$35 Million the tip of the iceberg

The Social Development Ministry reckons they are chasing $35 million in what they euphemistically call "over-payments".

The joke of it all is that the ministry's benefit fraud team, which had been expanded to 225 staff, had reviewed 40 million benefit records in a crackdown on fraud. 

A joke? Yes because for the cost of those 225 staff and a new properly equipped team of 10 could easily do what so far they haven't, catch the thieving bastards. 

Further $35 million of "over-payments is a joke figure….privately I have been told by none other than the Head of the then Social Welfare Department that fraud was believed to account for over $300 million per annum….$300 million.

Oh and don't forget ACC…they reckon their fraud, privately of course, is in the vicinity of $100 million in the individual sector and as much again in the provider sector. 

Now I reckon for $10 million a year they could nail this with a specially set up team using Visual Analytics tools. This is the software that is used many Government Intelligence agencies worldwide for identifying previous hidden networks and associations of networks through common links.

The fraudster who yesterday admitted to $3.2 million of benefit fraud would have been caught in a heartbeat using this software, as there is always a common thread somewhere linking entities, be it phone numbers, addresses, bank accounts, even car registrations. 

Disclaimer: I do not represent or have ever represented Visual Analytics (but I could). I have however specialized in Anti-Money laundering and Fraud detection techniques through Link Analysis and am fully aware of their techniques for discovering previously hidden groups of data. I it is simply my personal opinion that Visual Analytics has simply the best software  for discovering complex fraud and criminal activity.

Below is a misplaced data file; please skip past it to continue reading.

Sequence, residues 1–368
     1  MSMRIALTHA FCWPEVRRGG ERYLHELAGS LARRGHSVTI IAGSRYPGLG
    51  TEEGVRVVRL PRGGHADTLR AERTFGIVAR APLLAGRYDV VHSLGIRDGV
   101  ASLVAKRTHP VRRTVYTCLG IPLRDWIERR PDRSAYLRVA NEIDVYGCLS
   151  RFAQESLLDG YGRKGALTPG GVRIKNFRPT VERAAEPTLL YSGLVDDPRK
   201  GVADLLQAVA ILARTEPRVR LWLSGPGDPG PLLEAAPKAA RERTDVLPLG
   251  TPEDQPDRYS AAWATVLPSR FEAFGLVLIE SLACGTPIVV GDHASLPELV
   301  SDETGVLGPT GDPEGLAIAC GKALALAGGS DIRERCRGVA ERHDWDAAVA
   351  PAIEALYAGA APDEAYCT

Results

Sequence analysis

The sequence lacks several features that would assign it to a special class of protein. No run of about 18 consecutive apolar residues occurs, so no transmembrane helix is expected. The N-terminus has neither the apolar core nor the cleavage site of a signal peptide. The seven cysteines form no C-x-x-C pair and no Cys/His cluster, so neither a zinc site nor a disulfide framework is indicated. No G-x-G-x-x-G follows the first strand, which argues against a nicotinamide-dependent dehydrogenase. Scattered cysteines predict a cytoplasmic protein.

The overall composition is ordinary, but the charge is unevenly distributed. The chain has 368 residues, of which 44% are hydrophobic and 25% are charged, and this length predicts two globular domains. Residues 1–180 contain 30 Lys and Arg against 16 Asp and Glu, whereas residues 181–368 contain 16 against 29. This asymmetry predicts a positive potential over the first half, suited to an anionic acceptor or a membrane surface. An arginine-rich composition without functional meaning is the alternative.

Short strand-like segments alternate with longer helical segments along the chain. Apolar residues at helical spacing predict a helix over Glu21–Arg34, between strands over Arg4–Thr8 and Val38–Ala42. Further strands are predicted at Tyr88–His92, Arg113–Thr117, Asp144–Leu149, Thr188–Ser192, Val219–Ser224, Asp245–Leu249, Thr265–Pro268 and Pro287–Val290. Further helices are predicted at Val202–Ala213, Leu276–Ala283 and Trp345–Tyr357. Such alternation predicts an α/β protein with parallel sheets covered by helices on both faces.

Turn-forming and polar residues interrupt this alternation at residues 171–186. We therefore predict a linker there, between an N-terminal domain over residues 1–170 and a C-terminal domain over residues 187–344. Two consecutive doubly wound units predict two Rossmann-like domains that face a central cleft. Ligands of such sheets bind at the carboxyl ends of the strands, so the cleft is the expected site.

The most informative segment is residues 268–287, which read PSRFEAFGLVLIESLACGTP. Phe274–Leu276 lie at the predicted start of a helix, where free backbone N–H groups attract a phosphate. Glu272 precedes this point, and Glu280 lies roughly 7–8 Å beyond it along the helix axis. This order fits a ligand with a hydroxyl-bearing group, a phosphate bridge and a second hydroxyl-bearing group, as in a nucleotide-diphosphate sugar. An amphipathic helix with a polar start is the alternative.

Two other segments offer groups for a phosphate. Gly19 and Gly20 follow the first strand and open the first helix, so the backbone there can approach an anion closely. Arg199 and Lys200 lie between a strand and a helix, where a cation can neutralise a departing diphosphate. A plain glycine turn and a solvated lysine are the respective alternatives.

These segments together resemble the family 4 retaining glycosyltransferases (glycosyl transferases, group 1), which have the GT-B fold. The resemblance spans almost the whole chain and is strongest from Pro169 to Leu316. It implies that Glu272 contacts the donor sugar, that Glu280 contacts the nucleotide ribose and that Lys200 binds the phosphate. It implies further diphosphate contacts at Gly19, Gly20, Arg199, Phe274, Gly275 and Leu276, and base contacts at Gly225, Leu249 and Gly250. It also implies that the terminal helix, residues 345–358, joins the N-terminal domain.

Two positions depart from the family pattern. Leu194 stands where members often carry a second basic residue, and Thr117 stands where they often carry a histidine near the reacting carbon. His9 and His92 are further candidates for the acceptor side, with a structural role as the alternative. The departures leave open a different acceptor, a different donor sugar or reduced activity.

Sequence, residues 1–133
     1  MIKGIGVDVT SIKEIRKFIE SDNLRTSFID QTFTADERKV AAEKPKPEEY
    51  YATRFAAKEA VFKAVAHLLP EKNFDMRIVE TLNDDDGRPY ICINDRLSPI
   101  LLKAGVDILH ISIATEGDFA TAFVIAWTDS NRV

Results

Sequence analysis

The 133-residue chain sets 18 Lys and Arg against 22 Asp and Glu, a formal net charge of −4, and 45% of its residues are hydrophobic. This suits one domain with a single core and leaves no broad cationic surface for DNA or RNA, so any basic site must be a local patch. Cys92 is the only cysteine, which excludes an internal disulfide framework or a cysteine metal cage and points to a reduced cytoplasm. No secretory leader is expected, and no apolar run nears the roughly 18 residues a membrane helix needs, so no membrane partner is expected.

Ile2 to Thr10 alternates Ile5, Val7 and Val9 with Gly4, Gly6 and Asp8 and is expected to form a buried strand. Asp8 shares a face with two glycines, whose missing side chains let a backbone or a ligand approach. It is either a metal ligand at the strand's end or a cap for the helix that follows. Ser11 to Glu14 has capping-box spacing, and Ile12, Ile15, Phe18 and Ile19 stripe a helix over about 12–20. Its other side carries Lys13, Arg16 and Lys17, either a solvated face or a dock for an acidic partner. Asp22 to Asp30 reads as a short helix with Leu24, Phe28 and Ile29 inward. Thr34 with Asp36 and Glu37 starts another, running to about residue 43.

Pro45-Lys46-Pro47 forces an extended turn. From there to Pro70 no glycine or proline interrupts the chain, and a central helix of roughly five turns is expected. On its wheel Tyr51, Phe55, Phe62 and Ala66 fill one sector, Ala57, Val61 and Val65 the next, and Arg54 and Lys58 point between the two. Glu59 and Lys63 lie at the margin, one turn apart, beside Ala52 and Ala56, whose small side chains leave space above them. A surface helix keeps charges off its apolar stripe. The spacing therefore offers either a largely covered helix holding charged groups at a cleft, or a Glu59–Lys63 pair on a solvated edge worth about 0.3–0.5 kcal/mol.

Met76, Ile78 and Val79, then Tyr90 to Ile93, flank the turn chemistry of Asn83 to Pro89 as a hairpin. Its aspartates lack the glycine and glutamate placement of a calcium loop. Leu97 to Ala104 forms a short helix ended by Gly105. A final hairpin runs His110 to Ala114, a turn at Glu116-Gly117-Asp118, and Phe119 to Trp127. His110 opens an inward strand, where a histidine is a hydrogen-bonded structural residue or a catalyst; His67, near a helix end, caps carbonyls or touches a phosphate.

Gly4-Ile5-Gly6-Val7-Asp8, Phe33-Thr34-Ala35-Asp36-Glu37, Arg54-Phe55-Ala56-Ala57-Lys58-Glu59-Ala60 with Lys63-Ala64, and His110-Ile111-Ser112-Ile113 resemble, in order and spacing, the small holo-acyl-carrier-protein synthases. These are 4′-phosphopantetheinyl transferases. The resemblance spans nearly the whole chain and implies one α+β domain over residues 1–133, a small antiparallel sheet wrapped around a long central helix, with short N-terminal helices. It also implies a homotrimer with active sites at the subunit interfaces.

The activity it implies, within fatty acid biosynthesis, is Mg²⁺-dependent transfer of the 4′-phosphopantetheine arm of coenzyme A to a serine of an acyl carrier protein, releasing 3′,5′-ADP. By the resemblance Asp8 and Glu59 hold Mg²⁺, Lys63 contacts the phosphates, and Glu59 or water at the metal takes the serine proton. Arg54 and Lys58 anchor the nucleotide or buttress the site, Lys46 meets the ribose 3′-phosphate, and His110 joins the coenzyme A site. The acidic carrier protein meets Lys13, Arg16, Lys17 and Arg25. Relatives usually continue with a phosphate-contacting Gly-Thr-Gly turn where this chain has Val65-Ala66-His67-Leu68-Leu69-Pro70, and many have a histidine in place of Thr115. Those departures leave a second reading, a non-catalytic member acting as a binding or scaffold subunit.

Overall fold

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As much at home writing editorials as being the subject of them, Cam has won awards, including the Canon Media Award for his work on the Len Brown/Bevan Chuang story.  And when he’s not creating the news, he tends to be in it, with protagonists using the courts, media and social media to deliver financial as well as death threats.

They say that news is something that someone, somewhere, wants kept quiet.   Cam Slater doesn’t do quiet, and as a result he is a polarising, controversial but highly effective journalist that takes no prisoners.

He is fearless in his pursuit of a story.

Love him or loathe him.  But you can’t ignore him.

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